“As long as we have a state legislature that says they want to honor school choice for the mom and dad, we’re going to follow the law,” Lombardi said. “If they want to change it, we’ll change it, but it goes back to 1972 when we had separate associations and it was a state rep from Allentown Central Catholic that created the impetus to change things toward one association.

“People point out New York and Maryland, well, they’re public school associations. And they’ll point out New Jersey, but that’s a different deal. The folks in our state aren’t willing to do that.”

Lombardi said the competition committee is looking close at competitive advantage and closely monitors all transfers.

“I understand the frustration,” Lombardi said. “Many schools might have a run of athletes that lasts only two or three years and other schools seem to be reloading and seem to be glorified AAU teams. That raises people’s ire. We all get it. But we have to be cautious of what we pass so that we’re not discriminatory to one side or the other.”

Attendance concerns: Lombardi said that attendance has been down across the board throughout the school year. The weather hasn’t helped.

“We expect our attendance will be impacted this week with the championships being played Monday, Tuesday and Wednesday, but the schools with good followings will still have good followings here,” he said. “We made the announcement as soon as we could about moving and that may have helped them gather themselves and get to the games.

“What troubles me is the annual people who come every year. They bought tickets in October, got hotel reservations and they couldn’t make it. We have a refund policy in place.”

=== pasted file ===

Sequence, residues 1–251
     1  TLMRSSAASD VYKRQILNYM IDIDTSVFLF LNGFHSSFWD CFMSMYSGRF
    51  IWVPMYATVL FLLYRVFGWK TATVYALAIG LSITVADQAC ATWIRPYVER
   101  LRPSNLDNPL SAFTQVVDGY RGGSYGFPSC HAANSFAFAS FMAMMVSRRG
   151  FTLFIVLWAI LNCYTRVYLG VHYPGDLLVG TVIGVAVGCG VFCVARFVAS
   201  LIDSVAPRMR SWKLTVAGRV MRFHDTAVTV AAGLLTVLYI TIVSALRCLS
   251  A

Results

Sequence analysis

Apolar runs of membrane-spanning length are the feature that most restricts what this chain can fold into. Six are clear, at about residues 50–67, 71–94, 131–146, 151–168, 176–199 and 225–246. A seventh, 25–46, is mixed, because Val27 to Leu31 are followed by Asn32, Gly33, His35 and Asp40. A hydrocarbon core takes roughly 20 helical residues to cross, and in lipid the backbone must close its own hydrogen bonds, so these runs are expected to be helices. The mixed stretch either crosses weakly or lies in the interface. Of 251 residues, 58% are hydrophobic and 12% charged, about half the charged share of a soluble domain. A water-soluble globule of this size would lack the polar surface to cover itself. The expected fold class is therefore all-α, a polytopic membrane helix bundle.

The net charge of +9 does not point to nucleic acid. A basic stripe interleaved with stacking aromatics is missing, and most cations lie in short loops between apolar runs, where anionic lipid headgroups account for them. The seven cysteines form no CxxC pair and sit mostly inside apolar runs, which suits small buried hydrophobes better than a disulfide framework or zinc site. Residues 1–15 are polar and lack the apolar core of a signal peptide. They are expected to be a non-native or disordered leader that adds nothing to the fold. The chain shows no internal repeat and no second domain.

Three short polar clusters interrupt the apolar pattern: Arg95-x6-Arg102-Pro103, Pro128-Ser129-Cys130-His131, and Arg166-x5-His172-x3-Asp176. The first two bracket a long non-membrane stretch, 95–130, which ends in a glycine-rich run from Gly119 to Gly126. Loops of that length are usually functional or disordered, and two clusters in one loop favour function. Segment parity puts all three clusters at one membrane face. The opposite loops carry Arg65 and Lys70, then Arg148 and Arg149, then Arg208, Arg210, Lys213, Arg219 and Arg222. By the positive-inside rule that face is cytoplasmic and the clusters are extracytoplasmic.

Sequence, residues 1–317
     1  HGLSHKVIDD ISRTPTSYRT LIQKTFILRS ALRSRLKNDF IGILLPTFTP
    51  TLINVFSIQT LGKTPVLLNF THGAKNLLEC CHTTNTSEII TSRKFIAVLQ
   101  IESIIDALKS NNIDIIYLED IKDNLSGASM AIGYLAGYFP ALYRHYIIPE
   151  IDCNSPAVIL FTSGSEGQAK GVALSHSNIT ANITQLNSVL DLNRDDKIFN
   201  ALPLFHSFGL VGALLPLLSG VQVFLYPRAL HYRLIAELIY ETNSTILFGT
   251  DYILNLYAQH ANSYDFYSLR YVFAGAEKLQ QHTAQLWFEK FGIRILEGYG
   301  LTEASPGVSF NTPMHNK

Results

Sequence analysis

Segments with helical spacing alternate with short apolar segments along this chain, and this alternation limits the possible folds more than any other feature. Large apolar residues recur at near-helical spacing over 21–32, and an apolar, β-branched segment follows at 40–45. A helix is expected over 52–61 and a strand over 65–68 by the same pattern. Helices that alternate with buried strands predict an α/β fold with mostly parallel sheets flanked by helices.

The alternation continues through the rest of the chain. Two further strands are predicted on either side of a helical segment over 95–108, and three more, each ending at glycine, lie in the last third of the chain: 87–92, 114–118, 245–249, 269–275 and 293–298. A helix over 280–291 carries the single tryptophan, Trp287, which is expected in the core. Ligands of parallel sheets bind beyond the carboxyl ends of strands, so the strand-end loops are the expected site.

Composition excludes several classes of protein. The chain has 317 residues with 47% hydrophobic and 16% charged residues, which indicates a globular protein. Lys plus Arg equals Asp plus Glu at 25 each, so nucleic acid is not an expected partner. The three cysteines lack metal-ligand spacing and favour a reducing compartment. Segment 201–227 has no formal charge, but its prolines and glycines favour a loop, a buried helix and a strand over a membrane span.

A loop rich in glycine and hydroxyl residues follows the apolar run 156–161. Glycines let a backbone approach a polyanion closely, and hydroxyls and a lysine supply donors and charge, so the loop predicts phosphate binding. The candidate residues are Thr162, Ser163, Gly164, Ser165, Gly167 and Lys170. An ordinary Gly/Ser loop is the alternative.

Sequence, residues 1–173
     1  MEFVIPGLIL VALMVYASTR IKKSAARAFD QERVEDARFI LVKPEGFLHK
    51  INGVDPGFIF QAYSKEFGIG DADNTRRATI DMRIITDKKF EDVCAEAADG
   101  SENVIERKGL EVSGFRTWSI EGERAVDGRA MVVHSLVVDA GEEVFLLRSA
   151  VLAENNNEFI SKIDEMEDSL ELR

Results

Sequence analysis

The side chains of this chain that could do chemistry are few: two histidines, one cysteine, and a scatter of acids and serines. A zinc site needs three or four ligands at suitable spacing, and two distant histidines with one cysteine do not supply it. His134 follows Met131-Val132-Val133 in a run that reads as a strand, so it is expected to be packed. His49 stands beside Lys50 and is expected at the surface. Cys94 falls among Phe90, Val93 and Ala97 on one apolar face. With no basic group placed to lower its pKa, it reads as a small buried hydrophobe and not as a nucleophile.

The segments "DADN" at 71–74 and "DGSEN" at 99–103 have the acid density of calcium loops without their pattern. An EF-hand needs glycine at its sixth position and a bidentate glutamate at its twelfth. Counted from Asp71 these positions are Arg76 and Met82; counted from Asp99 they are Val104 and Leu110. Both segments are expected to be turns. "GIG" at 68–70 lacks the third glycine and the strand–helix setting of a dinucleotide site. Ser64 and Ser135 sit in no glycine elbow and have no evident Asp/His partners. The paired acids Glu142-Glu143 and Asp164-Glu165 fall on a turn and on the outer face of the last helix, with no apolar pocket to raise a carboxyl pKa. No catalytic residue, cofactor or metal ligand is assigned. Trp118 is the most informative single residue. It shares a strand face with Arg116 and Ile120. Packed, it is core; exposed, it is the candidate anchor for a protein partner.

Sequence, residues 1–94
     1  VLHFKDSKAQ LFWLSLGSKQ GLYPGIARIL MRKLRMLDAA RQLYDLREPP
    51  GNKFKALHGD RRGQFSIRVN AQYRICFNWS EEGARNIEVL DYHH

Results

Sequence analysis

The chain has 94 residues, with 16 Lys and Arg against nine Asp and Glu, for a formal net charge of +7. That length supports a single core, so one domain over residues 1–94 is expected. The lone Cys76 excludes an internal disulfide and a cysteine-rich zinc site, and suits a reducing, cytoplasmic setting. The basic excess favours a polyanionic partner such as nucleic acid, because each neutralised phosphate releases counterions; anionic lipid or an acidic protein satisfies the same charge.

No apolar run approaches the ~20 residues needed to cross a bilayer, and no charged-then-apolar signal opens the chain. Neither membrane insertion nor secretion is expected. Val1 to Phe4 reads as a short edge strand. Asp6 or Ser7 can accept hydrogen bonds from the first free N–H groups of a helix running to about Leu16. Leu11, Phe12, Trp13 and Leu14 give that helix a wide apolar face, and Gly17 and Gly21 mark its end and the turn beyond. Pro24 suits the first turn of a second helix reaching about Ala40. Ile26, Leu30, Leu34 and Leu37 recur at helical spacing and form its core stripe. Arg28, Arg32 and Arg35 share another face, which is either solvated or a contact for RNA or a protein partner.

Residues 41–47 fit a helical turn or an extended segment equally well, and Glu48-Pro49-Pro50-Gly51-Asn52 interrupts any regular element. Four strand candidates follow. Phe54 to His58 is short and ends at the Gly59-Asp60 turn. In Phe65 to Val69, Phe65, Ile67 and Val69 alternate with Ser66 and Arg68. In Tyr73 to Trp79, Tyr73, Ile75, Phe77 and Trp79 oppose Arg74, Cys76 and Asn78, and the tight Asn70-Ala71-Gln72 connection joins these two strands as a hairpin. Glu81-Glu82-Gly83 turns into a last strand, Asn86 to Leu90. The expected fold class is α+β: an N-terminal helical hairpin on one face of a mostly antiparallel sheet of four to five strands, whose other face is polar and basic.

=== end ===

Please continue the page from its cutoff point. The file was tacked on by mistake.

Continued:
Lombardi said that attendance, though, at many state championship events are down.

“We had some really bad weather in the week of the volleyball, field hockey and soccer championships,” he said. “In football, our crowds were pretty good up to the finals. But the finals were down, especially on Saturday, because we got about four inches of snow on Saturday afternoon.”

Even wrestling was down, but still doesn’t do poorly compared to basketball.

“This our 14th year at the Giant Center and in the first year we had 65,000 for the weekend,” he said. “This year, we were down to 40,500. But we have statewide TV. Every bout is on the Internet. Times have changed.”

PIAA pride? Lombardi said that despite the criticism he hears, the PIAA’s board of control hears the complaints and reacts to them.

“Our association doesn’t go around pounding our chest saying ‘We changed this and we changed that’ but there’s a lot of great things going on,” Lombardi said. “People are aware of what’s going on. If you listen to the bar room talk, you’d think no one has done anything. But we do. Just these changes we’ve made this week is reflective that the board is aware of what’s going on.

“Every state has the same troubles with the transfer rule. No one has a perfect world. We think by tracking transfers a little more closely, we’re going to have a better idea of what’s going on and what we can do.”

Too many teams? Lombardi said he’s generally pleased with how the six-classification system is going, but would like to see teams be at least .500 to get into states.

“We can solve that because some districts say that if you’re (not) 50 percent or better, you can’t get into the playoffs,” Lombardi said. “Maybe we ought to make that statewide. Some districts already do that and I think it’s a good idea. Playoffs are not for everybody. Championships are not for everybody. It’s to reward the best. That could possibly happen. I don’t think anybody liked seeing what occurred with the [Kennedy Christian rout].”

Kennedy Christian routed Lourdes in the 1-A boys' title game, 78-36. Kennedy Christian led that game 30-0 after one quarter.